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We live in an age of great activity. It is also an age wherein material progress and the love of worldly pleasure tend to enfeeble mans hold on the supernatural world. It is most evident that there is a general movement away from the spiritual world. In non-Catholic thought the idea of a reduced Christianity is dominant. A mere natural religion recommends itself to many. The natural man receiveth not the things of the Spirit of God: for they are foolishness unto him; and he cannot know them because they are spiritually examined. [1 Cor. 2:14.] Instead of accepting religion as a mysterious message from Heaven, men make a religion that is not religious. A religion is sought that will not interfere with mans worldly tastes and pleasures. Human reason is made the judge of all the works of God. Arianism is recrudescent under another name and formula. The mystery of Christs Divinity, the miracles of the Bible, the extraordinary action of God in the Revelation and Inspiration of the Scriptures are made the special objects of attack in this modern fashion of thought.

That which is most deplorable is that this tendency has in some degree invaded the minds of some Catholic scholars. Clear calls of warning come from Christs Vicar; the danger is grave. The demon of unbelief finds strong allies in the pride and rebellion of fallen human nature.

During the last twenty-five years the Church has waged a fierce battle in defense of the Holy Scriptures. In this fight her worst enemies are those of her own children, who, making dishonorable compromises with the Rationalists, the true children and inheritors of the older heretics, make a breach in the walls which they have sworn to defend.

General Introduction teaches the art of studying Holy Scripture:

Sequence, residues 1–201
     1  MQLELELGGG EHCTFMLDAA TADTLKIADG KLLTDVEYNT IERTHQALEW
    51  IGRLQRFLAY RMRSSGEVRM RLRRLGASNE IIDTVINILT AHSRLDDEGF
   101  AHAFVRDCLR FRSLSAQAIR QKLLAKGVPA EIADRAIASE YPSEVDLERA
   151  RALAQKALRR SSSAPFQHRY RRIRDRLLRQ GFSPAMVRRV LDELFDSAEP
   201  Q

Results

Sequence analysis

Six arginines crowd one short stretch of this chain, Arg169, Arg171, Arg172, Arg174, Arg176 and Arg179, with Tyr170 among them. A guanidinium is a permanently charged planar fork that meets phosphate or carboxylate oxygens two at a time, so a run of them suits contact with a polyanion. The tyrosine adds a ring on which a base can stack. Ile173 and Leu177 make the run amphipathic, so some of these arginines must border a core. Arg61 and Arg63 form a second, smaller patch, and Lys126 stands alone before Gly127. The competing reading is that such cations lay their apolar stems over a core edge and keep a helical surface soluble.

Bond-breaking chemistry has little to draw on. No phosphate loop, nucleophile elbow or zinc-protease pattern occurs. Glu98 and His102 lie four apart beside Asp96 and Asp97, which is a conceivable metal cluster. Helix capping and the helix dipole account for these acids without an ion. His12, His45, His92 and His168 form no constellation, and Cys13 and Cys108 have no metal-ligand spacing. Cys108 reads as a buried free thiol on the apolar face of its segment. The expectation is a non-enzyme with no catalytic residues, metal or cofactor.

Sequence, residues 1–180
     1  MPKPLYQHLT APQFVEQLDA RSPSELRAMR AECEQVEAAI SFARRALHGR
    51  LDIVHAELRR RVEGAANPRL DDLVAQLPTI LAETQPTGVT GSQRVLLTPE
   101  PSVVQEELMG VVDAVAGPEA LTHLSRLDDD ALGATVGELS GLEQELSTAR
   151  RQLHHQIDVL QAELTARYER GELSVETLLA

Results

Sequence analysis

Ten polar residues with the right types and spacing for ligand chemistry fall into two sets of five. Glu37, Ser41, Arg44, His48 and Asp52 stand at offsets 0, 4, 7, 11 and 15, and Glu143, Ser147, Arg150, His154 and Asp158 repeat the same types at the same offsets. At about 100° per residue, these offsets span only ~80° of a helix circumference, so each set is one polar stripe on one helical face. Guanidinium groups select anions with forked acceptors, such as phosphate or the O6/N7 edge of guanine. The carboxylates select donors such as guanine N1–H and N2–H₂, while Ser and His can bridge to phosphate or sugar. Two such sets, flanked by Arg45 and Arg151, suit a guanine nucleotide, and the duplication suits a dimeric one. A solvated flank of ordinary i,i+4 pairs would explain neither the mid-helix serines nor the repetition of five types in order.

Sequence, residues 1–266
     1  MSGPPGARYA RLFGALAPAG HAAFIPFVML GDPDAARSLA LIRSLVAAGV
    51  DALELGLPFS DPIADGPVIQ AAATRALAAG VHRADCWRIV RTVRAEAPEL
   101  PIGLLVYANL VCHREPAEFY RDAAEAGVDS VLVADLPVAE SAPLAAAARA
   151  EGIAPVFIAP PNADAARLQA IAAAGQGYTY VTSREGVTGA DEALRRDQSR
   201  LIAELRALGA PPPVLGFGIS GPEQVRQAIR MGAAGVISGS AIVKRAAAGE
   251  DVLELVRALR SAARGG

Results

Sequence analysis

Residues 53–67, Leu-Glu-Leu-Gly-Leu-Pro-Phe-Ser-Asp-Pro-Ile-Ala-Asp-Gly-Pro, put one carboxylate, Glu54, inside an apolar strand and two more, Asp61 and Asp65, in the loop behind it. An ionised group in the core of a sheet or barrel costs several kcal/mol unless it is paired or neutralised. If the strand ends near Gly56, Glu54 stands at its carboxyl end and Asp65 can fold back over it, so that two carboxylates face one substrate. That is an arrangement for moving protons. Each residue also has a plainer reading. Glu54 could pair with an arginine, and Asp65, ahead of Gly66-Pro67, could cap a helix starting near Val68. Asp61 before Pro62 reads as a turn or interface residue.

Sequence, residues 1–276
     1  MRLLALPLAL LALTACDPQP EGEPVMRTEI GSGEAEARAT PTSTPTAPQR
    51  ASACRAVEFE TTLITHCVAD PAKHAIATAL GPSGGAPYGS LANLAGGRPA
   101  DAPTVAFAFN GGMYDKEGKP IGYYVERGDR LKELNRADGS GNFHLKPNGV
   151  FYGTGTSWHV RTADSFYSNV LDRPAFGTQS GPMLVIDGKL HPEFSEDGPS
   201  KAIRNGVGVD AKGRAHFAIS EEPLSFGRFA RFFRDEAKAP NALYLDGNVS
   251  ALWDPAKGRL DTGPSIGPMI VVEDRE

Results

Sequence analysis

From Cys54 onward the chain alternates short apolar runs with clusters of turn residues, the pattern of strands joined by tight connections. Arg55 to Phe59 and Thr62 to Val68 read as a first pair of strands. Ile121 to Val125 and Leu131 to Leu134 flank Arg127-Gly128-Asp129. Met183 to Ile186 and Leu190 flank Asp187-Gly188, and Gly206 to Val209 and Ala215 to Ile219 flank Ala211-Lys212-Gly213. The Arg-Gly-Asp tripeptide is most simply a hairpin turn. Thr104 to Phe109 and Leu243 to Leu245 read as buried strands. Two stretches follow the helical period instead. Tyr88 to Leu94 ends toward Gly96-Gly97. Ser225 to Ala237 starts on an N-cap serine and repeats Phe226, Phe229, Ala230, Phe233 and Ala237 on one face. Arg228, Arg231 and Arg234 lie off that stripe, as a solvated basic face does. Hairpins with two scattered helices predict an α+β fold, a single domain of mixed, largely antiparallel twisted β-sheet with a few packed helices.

Vie più che indarno da riva si parte,

Perchè non torna tal qual ei si muove,

Chi pesca per lo vero e non ha larte.

The study of Holy Scripture is proposed in that remarkable encyclical, Providentissimus Deus, as the chief remedy against the evil doctrinal tendencies of our time. This study cannot be pursued without a competent knowledge of the questions which an Introduction to Holy Scripture treats. The very key to the present situation is a right idea of the Inspiration of Holy Scripture. Hence in this Second Edition of my work, I have devoted about one third of the volume to this great theme. I have endeavored in all things to be conservative. I have endeavored to present a fair examination of the different theories, and in judging of them, the authority of the Church has been the norm. My treatise on the Canon of the Old Testament may be judged excessively long, but I have contemplated this as a work of reference, in which completeness of treatment is required. My hope is that I may have, in some small degree, helped the Cause of Christ.

A. E. BREEN.

ROCHESTER, N. Y.,

Feast of the Circumcision of Our Lord, 1908.








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